“Liquor was sold in black under the nose of officials. Everyone was aware of what was going on. In 1986, the government decided to release funds to tribes who wished to build their homes. There were many instances of men and women blowing it all up on booze. In order to curb such incidents, they then decided to introduce middle men in departments and ban alcohol completely. I am 45 years old and I am the only one left in my age group. Most of my friends have died due to excessive consumption. So, how has the situation changed? All they did was provide one slipshod solution after another,” said Soman.
He also expressed his deep sorrow over dwindling farming practices in the tribal communities. Earlier, if they came across a wild boar destroying their crops, they would hunt it down and feed the entire hamlet. This was a traditional tribal practice. However, today, it is a punishable offence to kill any animal.
“I am quite certain that at least 80 per cent of the population will start farming again if our ancestral lands were returned to us. Of course, this entirely depends on how we educate our younger generation on the importance of being self-sustained. My grandparents grew their own food. They never received any formal education but they could live off the earth. They taught themselves and strived to live in harmony with nature. My mother gave birth to eight children at home. We never relied on Western Medicine or doctors for that matter. The only time my grandmother entered a hospital was when she died,” he said.
In fact, until quite recently, everyone grew vegetables and grains near the forest. But now they have been prohibited to do so. Only those who have land by the river can actually farm today, the rest have either lost everything to the forest reserves or do not have a drop of water to spare. As our discussions continued, we were slowly beginning to realise that almost every tribe revealed similar patterns of socio-cultural and economic issues.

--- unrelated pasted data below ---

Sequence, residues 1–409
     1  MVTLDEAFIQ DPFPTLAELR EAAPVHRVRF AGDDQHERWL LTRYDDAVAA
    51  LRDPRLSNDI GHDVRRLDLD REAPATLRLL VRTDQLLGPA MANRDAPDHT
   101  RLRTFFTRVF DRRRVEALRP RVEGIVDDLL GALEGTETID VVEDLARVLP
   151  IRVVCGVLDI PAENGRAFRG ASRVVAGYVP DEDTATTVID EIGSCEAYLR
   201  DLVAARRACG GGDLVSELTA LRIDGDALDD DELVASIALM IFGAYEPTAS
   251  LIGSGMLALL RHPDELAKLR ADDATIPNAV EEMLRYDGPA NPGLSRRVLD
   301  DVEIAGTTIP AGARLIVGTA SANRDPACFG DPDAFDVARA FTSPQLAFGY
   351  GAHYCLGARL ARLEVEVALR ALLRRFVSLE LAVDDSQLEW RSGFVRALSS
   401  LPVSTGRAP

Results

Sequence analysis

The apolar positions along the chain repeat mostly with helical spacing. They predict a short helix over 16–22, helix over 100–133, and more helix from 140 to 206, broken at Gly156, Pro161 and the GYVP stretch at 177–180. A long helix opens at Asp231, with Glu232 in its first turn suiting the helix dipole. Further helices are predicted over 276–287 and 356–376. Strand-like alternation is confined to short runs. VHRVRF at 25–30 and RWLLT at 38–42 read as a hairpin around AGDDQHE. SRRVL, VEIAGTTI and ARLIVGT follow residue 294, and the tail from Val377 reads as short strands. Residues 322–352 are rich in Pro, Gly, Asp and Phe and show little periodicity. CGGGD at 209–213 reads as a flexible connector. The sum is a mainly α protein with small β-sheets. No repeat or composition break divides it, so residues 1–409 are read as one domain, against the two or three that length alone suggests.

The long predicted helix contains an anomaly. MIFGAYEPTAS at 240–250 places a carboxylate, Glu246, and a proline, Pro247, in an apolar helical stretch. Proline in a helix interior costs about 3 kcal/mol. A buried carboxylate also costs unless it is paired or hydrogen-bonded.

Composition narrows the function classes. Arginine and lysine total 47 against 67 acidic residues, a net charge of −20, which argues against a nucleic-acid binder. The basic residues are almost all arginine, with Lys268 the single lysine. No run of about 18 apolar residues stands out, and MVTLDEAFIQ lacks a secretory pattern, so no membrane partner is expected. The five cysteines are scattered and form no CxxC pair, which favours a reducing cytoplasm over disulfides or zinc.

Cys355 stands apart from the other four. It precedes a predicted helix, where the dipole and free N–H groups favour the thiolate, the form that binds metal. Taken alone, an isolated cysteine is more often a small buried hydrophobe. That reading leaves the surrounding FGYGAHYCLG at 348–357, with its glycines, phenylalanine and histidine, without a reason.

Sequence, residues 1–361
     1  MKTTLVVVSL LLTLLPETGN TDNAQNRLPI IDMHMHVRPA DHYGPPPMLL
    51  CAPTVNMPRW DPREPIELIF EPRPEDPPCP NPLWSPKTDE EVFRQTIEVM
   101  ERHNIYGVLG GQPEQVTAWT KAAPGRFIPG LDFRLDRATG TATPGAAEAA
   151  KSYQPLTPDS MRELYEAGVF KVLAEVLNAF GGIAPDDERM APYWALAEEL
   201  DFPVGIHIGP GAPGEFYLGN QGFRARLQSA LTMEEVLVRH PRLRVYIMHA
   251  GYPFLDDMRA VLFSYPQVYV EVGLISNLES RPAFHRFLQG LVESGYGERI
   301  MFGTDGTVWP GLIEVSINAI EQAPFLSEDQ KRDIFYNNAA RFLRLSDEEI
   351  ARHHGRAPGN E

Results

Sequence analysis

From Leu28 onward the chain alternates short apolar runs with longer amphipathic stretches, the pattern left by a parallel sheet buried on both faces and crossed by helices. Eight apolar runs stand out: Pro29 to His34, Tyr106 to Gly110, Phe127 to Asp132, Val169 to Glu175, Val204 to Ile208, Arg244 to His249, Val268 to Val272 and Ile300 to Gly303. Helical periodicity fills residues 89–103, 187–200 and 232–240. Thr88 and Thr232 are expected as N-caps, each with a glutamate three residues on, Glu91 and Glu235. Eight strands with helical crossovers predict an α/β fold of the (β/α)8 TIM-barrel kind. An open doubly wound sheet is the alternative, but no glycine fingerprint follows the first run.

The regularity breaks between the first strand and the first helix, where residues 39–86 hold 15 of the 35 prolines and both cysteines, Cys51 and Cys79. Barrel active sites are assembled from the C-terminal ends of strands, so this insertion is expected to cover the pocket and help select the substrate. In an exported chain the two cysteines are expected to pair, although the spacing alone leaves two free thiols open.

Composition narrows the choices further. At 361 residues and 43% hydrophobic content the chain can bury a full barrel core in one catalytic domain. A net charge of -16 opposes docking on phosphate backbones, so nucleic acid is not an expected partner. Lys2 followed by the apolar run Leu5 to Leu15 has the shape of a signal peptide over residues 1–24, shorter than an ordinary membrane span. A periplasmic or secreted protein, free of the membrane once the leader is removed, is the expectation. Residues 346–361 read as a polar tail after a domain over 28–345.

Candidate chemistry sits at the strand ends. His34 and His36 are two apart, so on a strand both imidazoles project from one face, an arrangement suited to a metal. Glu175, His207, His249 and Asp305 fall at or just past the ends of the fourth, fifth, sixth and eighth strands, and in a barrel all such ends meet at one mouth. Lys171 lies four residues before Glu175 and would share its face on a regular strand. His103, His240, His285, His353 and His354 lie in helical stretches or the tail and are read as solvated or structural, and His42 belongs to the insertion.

We asked him what he thought would bring back joy in their lives? He paused and took a deep breath. Somewhere in his heart, he believed that the only way they could facilitate a fundamental change within the hamlets was by appointing all the educated tribal members as government officials.
“In the past 30 or 40 years, no one has ever asked me these questions. I have been told many a times that my life was miserable and that I would be given ample support in the form of facilities. They keep telling me that I need help but no one has stopped to ask what I want, what I need. And, that’s where the true problem lies,” said Soman in a mournful tone…
At no point were the tribes dishonest about their problems. They were aware of their current situation and were looking forward to taking corrective measures to ensure that they did not banish within the shadows of oppression and corruption. While the older generation had lost all hope, the younger ones were oblivious to the fact that they had any. To the latter, this is what they had seen and this is all they know. They aspire to move to bigger cities some day and perhaps erase all semblance of an identity they once assosiated with …
Project ‘Rest of My family‘ is an attempt to connect back, re-discover our relationship with and understand our responsibility towards the larger family that we are a part of — the rest of our human family. Hence, it is titled Rest Of My Family.
Through #RestofMyFamily, we will focus on highlighting social issues and human interest stories, documenting the triumphs of the ordinary man despite all the hardships they face constantly, and help these stories reach a larger audience and wherever necessary extend support to the individuals and communities that we write about. We hope to make a direct impact to the lives of those people we meet and find suffering due to various social issues; to connect the ones who need help to the ones who can help….
Find more about the campaign here: http://igg.me/at/restofmyfamily/x/539502